Bonded by a stem cell transplant, leukemia survivor and his donor become family for life
Curt Bogard recalls first being more tired than usual during a father and son road trip from Texas to the northeast corner of Maine. When Curt’s wife, Trisha, spoke with him on the phone, she could tell he was not his usual self.
“I told my daughter-in-law that I had to fly home immediately to check on him,” recalls Trisha, who was visiting family in Florida at the time. When she arrived, she noticed Curt’s abdomen was swollen and he was noticeably in pain. Curt saw his primary care physician, who referred him to a local oncologist. Additional testing would later reveal he had acute myelomonocytic leukemia (AMML), a rare type of acute myeloid leukemia.
MD Anderson provides hope after initial AMML treatment proves unsuccessful
Curt was admitted to a Dallas area hospital on Oct. 16, 2015, Trisha’s birthday.
“I was optimistic at first, and then I began to get weaker and weaker,” Curt says. “I found myself discouraged as time passed.” Curt received multiple blood transfusions and an intense chemotherapy regimen. He spent several days in the intensive care unit.
He spent nearly six months in the hospital, but doctors couldn’t get the cancer into remission.
Curt made the tough decision to go home, but Trisha refused to give up on her husband. Once home, she went online and requested an appointment at MD Anderson. The next day, they received a call to travel to Houston for an appointment and the opportunity to enroll in a clinical trial.
“This was a full circle moment to have the opportunity to come to MD Anderson,” Trisha explains. “We knew this was the best place to be because of our time in Houston in the 1970s when Curt attended The University of Texas Dental School, which at that time was next to the original MD Anderson hospital.”
Clinical trial makes stem cell transplant possible
Curt came to MD Anderson in April 2016 and was under the care of leukemia specialist Farhad Ravandi-Kashani, M.D. A week after he arrived, Curt began treatment in a clinical trial investigating the use of azacytidine and nivolumab.
Curt was finally in remission after one month of treatment and could receive a stem cell transplant. “Stem cell transplants provide the best curative potential in a person considered fit and able to receive it,” Ravandi-Kashani notes. “I knew once we achieved remission, this should be the next step in his treatment plan.”
Finding a stem cell donor
Before Curt came to MD Anderson, the couple’s three sons were all tested to see if they would match their father. All three sons only matched him at 50%. To the Bogards’ surprise, a stem cell donor with a 100% genetic match was found.
“The higher the percentage of matching, the better the outcomes with disease control,” says stem cell transplantation specialist Gheath Al-Atrash, M.D. “This also lowers the risk of toxicities, especially graft versus host disease, which can cause major problems after the transplant.”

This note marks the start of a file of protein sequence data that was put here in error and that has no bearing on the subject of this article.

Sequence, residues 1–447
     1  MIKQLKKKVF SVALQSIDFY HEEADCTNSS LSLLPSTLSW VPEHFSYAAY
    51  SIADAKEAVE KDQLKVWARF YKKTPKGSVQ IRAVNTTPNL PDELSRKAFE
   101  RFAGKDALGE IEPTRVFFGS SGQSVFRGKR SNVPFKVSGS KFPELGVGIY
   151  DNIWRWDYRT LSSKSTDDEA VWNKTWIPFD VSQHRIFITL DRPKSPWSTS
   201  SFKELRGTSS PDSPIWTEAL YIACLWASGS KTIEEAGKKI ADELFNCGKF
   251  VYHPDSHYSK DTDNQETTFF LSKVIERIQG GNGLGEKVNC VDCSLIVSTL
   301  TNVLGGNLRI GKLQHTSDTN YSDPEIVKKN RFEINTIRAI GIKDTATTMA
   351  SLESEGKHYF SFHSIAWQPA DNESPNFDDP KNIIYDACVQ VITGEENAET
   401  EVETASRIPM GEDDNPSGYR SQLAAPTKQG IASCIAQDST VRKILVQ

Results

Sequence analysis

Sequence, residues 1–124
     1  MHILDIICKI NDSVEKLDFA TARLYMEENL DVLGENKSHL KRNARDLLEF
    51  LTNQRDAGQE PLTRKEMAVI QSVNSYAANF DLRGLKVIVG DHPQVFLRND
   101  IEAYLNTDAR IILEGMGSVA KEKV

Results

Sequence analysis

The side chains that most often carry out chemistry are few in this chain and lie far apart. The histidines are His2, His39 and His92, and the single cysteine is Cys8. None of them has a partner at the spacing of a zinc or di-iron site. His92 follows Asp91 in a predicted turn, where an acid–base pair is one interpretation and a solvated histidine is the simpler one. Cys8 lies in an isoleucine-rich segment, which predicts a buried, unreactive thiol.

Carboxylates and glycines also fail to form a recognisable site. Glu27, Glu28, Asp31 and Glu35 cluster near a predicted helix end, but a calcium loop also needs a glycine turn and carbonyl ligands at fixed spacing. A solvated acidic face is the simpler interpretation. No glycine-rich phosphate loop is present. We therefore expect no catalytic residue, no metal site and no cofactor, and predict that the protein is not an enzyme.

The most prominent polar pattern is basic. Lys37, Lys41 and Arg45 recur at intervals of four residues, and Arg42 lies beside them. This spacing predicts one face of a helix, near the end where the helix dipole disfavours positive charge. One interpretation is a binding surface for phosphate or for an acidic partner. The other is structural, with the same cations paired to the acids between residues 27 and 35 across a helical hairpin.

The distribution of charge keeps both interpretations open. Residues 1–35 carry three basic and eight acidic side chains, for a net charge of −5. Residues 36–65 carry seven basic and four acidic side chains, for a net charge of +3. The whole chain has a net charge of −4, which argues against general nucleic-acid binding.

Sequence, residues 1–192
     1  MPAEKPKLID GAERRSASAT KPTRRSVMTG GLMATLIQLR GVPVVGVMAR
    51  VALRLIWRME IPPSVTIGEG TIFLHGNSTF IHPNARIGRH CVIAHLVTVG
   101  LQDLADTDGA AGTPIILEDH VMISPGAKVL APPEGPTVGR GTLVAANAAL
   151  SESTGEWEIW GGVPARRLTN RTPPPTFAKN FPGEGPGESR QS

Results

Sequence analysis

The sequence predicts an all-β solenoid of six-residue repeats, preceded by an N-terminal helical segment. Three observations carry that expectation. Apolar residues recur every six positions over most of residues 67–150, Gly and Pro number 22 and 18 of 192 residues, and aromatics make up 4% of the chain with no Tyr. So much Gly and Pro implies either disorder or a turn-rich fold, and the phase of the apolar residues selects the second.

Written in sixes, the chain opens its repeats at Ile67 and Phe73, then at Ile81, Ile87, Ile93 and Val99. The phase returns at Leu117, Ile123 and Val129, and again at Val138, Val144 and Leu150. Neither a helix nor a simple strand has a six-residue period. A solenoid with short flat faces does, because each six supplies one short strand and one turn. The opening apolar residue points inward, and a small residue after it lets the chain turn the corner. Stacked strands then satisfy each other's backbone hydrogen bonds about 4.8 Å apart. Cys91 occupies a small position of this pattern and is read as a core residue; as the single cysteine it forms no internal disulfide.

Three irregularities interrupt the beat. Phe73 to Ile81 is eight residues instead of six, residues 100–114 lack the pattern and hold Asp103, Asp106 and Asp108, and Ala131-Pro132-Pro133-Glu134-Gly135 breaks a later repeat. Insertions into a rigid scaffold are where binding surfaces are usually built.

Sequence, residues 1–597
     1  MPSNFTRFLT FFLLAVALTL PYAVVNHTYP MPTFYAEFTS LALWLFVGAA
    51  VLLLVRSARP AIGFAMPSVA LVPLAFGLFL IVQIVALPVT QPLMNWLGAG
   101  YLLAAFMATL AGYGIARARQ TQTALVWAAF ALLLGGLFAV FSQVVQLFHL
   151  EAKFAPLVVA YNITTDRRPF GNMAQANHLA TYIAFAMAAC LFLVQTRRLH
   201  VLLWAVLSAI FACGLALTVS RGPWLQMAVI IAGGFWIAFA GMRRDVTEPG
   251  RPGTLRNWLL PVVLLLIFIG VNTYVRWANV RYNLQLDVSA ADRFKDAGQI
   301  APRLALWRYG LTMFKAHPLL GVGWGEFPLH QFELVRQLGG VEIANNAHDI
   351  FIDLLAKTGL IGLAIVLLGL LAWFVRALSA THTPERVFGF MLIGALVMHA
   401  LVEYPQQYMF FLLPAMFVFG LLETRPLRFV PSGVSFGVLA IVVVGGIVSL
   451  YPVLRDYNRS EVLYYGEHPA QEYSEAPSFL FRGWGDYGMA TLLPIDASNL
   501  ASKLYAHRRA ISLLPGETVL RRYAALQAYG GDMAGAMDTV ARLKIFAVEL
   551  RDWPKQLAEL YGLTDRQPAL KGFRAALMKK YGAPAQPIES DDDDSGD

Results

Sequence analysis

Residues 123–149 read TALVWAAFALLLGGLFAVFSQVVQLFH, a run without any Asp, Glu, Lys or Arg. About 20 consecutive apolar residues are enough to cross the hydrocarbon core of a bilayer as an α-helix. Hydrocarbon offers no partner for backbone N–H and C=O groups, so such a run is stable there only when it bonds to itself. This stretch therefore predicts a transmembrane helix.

Al-Atrash completed Curt’s stem cell transplant on July 12, 2016. After the transplant, the couple stayed in Houston for three months so Curt could be closely monitored by his care team.
An anonymous donor’s decision to donate bone marrow for Curtis’ stem cell transplant
From the moment Curt learned a donor had been found, he was eager to meet this selfless individual.
A native of Maine, Thea Champlin, now 33, signed up to be a bone marrow donor when she was 20 while attending a baseball game in Boston.
“I initially thought it was a lemonade stand when I approached the table,” Thea recalls. “However, the representatives quickly cleared that up and encouraged me to sign up to become a bone marrow donor,” Thea says. Nearly six years later, she received a call from the registry program to discuss moving forward as a donor.
“My mother is a cancer survivor, so I was aware of the benefits of a stem cell transplant and was encouraged to move forward with the process to help someone else,” Thea adds. “I went through a range of emotions when I received the call because this was a big decision to make.”
Nine months after receiving the call, she arrived at a hospital in New Yorkto donate bone marrow for Curtis. He received his transplant the next day.
Meeting his match
For the next year, Curt and Thea exchanged anonymous letters until they were able to have their names and contact information shared with each other.
The Bogards flew to Maine to meet Thea and her family for the first time in 2017. Their time together consisted of family dinners, learning more about Thea and sharing stories of the donation journey. “They are truly the sweetest people, and I’m so grateful to have them in my life,” Thea says.
The Bogards invited Thea to visit Texas for the first time and to spend time with them in Galveston for a weekend this past February. Before heading down to the beach, the Bogards and Thea stopped at MD Anderson for an appointment and met Dr. Al-Atrash and his team.
“At first, I had no idea how blessed I was to have a donor that matched me 100%,” Curt says. “There are no words to explain the gratitude in my heart for her sacrifice and the work of my clinical team for giving me this additional time to be with my family and friends.”
The Bogards and Thea have formed a special bond over the last seven years and talk regularly. “I’m so thankful for Thea and love her like a granddaughter,” Curt says.
His stem cell transplant continues to give him more time with his loved ones. These days he spends his time traveling with his wife, watching his grandchildren and being active in his church.
“Mr. Bogard has been a success story. He is now seven years out from a stem cell transplant with no evidence of AMML,” Al-Atrash says. “And most importantly, he is living a normal life with no toxicities from the transplant. This is the best outcome we can hope for!”